Seven 1911's, three Springfield XD's, a Browning High Power, a CZ-75 Compact, a DAO Beretta PX-4 Storm, a Beretta 9000S, a Walther PPS, a Bersa Thunder .380, a SIG P-239, two S&W M&P Compacts, and the balance were using Glocks of one sort or another.
The student using the Bersa dropped out after the first day, and the student using the 9000S switched to her dad's backup M&P Compact on Day Two because the Beretta had been all ate up with function issues on the first day.
One of the 1911's was the duty sidearm of a cop, who ran it in his duty gear. Of the other twenty-three students, just under half were using the methods of carry they'd use on the street, while the remainder used bulkier “range/training” type holsters.
I found this to be a little odd, as Louis Awerbuck was more than willing to work with students who were using their CCW rigs: I saw him adapt the traditional “four-count” draw to students using a fanny pack, a carry purse, and appendix carry. Other than those three students, everybody else was using some variation of strong-side belt carry, whether inside or outside the waistband, on or behind the point of the hip.
The student using the Walther only brought the two mags that came with the gun. This was something of a drawback, given their low capacity, and he was sometimes caught flat-footed, needing to thumb rounds into a magazine to keep up with the pace of the drills.
The students with the Bersa and the Beretta Storm still had metaphorical price tags hanging from their guns. While this was, nominally, a Level One defensive handgun course, they probably would have gotten more out of it if they had a little more confidence in the basic manipulation of their firearms; running the slide, operating the controls, and so forth. Louis and his assistants displayed great patience, but it was frustrating enough for the Bersa-toting pupil that she dropped out after the first day. To be fair, I'm not entirely sure that attending the class was her idea.
One of the Glock toters had constant issues with Type I malfunctions, as did the Beretta 9000 on Day One. The Beretta shooter was fortunate in that her dad had brought a spare gun. The cop with the 1911 has a couple of incidences of the slide prematurely locking to the rear, which I am nearly certain could be attributed to the aftermarket “extended” slide stop on his sidearm.
Observations I took away from all this:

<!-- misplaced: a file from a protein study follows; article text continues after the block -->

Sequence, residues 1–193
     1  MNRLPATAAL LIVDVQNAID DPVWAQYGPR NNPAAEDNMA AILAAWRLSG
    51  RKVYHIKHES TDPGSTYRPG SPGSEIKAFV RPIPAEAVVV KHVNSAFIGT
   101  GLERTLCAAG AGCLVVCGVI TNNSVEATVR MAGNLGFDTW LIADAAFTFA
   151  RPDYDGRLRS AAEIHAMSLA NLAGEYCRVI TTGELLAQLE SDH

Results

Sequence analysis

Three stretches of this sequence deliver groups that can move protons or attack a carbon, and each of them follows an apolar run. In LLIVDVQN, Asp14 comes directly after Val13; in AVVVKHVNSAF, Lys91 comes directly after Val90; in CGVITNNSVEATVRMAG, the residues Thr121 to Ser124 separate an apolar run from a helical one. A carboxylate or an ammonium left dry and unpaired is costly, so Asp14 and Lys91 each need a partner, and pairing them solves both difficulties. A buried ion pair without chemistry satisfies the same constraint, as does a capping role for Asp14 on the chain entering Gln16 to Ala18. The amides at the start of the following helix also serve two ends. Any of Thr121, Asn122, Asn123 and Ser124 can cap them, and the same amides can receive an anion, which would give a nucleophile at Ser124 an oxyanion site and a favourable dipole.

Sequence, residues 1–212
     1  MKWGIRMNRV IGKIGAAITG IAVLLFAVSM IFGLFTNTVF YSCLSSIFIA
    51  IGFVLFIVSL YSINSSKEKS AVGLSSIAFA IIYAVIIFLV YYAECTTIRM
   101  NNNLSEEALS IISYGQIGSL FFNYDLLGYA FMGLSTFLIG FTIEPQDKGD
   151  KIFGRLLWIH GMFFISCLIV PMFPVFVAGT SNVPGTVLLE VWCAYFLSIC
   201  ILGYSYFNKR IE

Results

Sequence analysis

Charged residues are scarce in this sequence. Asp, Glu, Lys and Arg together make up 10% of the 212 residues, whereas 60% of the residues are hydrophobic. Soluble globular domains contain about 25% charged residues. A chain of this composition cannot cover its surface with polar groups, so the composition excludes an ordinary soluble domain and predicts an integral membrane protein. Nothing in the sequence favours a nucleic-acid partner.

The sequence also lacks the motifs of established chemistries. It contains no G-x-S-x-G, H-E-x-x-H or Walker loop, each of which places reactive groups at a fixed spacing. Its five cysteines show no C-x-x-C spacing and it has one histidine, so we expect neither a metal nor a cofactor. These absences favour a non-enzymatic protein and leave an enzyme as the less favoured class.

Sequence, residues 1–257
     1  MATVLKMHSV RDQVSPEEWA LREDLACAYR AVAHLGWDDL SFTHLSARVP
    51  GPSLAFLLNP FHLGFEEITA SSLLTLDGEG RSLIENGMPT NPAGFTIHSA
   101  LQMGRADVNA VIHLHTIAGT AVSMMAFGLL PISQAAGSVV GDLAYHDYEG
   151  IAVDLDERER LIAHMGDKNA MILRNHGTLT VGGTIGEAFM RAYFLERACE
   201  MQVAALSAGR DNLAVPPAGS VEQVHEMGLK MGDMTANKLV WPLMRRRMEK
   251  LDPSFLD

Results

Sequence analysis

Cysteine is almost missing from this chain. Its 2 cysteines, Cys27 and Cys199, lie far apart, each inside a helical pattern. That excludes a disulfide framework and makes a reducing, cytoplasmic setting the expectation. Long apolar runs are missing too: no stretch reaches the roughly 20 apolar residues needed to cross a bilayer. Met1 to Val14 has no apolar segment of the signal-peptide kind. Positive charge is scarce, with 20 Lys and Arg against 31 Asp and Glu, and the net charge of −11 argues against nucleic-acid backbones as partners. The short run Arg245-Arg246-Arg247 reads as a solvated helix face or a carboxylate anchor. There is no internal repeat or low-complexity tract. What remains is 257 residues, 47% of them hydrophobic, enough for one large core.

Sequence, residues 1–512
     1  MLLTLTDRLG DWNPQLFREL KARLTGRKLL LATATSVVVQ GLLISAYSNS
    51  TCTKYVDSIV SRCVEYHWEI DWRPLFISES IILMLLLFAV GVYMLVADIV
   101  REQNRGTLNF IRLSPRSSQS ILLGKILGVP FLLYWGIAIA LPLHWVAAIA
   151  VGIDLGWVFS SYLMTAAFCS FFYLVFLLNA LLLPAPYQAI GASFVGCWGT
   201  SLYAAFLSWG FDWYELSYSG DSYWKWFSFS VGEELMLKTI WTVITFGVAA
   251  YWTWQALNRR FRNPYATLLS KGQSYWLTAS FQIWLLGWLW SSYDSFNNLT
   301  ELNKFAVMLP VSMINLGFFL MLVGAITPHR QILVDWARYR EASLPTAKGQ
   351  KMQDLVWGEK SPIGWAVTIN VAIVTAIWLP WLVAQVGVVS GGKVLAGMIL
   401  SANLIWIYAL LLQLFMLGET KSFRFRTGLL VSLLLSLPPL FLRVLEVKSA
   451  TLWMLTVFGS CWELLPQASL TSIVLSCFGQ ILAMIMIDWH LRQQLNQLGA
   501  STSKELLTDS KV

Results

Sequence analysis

- Even a “Defensive Handgun I” course is not the same as “Your Gun: How To Work It”. In most locales, it is easy to find a couple-hour-long Basic Pistol course. This will help give enough familiarity with the basic operation of your weapon that you can concentrate on the “defensive” aspects of the course and not spend your time trying to remember how to load the blamed thing.
- The middle of an expensive class is not the time to find out that your gun is a lemon. Take it to the range the weekend before class and put a hundred rounds or so through it. Make certain it's thoroughly cleaned and oiled before class starts. If at all possible, have an identical backup gun just in case your primary pukes halfway into Day Two.
- Bring enough magazines. Every time you get a break, reload all of them that you can. You'll be much more likely to get your money's worth from the class if you're paying attention to the instructor and not frantically trying to top up the only two mags for your pistol. Bring good, tested magazines, not a bunch of aftermarket South Korean junk you picked up at a gun show the weekend before so you'd have lots of magazines for class. Number your magazines. If your gun starts puking on day two, it would be handy to know that all those Type I malfs are only happening with Mag #7.
- Use your street gear and gun. If your daily carry is a Glock 26 in a bellyband and you take the course with an XD in an IPSC race holster, how many of these skill drills will be directly translatable to your daily life? I took great satisfaction at the end of the day, when so many of the students were stripping off their Gunsite holsters and triple mag carriers, that all I had to do when I left the range was pull my Shoot Me vest back on.